• my pension does not go up. Nor my annuity. My RRIF goes down.

Inflation is a benefit to the business owner. Not to the citizen.

Now let’s have a look at free trade.

We have a trade deficit. Our Canadian government is having an orgasm because it is only $1.9 billion for August 2016. The United Stated of America has a trade deficit. It was $40.73 billion in August 2016. Mexico has a trade deficit of 1.91 billion (USD) for August 2016.

China has a trade surplus of $52.05 billion for August, 2016.

Bangladesh has a trade deficit largely because it imports energy. Australia’s trade deficit is narrowing because of gold exports, but it is a deficit.

Germany has a trade surplus of 19.5 billion Euros for July 2016.

I think that’s enough to suggest a pattern. North America as a whole is accumulating debt by buying more goods than we sell. Canada and the United States are exporting jobs. Manufacturing jobs. Call centre jobs. Any job that can’t be done more cheaply offshore.

Free trade has added manufacturing jobs to the list. Simple as that.

Olive argues that only free trade can keep us on a growth curve. The idea is, sell into markets that are growing.

I think this is a misunderstanding. It is not possible for an entire planet to ‘grow’ in real terms without limit. A single business growing at a fixed above-zero rate against inflation would eventually own the universe. It’s not possible to grow above inflation forever.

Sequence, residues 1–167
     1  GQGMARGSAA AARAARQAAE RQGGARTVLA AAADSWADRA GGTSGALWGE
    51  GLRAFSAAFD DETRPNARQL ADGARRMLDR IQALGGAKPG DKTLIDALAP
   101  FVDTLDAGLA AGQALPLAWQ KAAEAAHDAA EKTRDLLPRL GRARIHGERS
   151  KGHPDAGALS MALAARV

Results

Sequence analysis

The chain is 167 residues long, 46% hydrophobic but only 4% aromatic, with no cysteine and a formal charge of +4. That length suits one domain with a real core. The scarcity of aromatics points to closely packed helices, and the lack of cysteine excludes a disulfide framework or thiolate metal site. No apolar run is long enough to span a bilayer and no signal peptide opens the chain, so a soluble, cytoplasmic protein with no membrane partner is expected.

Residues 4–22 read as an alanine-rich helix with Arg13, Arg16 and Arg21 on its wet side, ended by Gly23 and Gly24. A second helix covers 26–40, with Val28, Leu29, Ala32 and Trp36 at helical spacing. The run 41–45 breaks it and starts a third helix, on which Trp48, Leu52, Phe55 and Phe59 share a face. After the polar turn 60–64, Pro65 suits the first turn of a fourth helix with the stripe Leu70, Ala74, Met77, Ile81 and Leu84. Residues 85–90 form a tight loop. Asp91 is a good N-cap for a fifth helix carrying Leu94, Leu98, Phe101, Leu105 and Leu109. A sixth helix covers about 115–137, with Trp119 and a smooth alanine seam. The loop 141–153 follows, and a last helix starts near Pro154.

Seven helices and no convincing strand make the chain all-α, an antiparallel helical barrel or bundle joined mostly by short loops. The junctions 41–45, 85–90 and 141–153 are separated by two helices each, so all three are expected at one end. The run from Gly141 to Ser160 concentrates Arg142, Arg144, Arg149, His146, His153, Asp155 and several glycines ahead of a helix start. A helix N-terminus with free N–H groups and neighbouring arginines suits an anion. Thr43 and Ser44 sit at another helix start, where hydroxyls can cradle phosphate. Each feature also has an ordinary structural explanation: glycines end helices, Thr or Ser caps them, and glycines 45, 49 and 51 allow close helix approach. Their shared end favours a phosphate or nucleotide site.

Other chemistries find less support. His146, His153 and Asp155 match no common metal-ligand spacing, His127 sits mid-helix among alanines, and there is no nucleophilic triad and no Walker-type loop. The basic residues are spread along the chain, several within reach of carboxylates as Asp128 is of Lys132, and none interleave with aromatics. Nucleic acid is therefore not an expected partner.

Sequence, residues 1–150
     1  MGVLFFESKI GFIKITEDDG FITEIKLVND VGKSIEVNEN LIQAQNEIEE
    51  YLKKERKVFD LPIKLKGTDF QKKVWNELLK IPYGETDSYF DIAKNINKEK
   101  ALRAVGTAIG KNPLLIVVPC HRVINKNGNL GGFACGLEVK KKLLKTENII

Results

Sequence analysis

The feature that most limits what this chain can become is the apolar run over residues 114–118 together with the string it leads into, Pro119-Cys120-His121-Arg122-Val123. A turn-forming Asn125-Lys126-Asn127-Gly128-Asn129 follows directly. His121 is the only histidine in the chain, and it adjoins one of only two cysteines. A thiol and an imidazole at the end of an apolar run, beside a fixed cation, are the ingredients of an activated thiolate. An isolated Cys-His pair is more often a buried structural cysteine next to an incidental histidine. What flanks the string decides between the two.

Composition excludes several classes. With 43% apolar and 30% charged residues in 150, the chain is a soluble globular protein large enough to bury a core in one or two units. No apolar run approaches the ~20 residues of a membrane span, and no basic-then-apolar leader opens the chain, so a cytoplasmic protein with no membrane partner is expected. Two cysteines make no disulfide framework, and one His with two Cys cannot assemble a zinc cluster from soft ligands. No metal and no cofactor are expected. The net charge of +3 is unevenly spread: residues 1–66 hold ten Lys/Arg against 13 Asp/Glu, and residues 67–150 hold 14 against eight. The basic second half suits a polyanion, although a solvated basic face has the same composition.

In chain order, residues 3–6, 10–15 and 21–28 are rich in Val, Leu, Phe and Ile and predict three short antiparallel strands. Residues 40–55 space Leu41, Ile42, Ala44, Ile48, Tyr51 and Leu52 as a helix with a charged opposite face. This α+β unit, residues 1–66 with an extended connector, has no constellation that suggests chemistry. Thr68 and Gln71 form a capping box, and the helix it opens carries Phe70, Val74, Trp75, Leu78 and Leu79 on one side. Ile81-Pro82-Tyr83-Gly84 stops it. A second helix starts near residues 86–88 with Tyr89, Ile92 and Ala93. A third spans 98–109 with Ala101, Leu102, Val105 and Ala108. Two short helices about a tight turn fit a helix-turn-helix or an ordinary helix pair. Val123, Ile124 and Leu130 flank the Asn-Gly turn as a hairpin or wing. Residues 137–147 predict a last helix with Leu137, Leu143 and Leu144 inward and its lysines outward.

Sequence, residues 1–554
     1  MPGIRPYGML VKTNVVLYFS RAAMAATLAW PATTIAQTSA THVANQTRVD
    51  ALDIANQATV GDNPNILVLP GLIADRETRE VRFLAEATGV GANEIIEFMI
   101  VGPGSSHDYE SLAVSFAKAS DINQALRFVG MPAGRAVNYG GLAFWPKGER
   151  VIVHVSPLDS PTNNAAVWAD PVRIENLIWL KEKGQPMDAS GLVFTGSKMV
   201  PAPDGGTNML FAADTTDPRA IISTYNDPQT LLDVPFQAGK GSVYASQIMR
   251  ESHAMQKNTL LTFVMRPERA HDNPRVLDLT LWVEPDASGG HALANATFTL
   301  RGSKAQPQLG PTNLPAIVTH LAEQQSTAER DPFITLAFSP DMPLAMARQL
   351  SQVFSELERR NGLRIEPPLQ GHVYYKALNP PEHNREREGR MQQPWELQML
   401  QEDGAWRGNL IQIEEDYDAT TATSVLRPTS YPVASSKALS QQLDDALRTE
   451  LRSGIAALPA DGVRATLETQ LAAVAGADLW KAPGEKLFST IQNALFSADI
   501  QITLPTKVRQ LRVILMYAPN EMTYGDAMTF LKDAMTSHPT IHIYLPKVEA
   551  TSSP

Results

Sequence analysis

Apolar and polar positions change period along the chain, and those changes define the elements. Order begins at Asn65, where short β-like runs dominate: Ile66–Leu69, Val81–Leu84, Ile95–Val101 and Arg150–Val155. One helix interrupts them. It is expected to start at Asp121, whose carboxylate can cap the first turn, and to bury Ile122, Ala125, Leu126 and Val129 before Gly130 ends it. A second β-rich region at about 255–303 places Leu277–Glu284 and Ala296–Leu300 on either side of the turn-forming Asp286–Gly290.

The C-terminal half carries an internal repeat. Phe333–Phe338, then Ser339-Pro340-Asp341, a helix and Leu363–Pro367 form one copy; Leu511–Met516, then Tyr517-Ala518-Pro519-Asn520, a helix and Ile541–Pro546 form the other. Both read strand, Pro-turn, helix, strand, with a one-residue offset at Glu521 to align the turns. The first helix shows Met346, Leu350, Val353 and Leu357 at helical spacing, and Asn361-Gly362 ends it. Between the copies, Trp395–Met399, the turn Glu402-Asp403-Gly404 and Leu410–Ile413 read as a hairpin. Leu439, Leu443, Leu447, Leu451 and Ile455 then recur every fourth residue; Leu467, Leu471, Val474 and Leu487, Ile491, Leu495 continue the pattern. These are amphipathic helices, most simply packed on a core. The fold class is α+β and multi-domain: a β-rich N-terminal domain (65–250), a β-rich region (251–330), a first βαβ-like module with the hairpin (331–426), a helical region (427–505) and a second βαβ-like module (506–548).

But we keep pretending that we can. We import what we can’t afford and borrow to do it. We then lose our jobs because our local knitting firm can’t compete.

Now for the cynical part of this post.

What happens when, say, a major store chain decides to switch from a local garment supplier to one in, say, Bangladesh?

Local jobs are lost. Trade numbers shift against our country. Foreign workers get jobs at, of course, lower wages and protections than here.
The company makes more profit. The displaced workers go on welfare or EI until that runs out. The extra cash goes into the bonus pool and possibly stock dividends. The company distributes cash and stock options to its directors and top executives.

In short, the rich (here) get richer and the poor (here) get poorer.

That’s the reality of globalization that we should be outraged by.
That’s the reality of globalization that we should be working against.
That’s the reality of globalization that we should not accept.

I apologize to David Olive for using his, as usual, thoughtful column and for attacking some of his main points. I respect Mr. Olive. I am not comfortable with the idea of letting globalization grow our domestic inequality.

There are other dimensions to globalization, with patents and copyrights working to add to the situation. All the workers and companies who actually build/assemble a computer or phone are likely to get one third of its net sale price, while the patent holder gets two thirds just for owning the patent, and can license the patent in another city, province, or country at the drop of a hat.

Again, jobs elsewhere, bonus pool and stock dividends (for the rich) at home.

No dumb question this time. Have a nice day.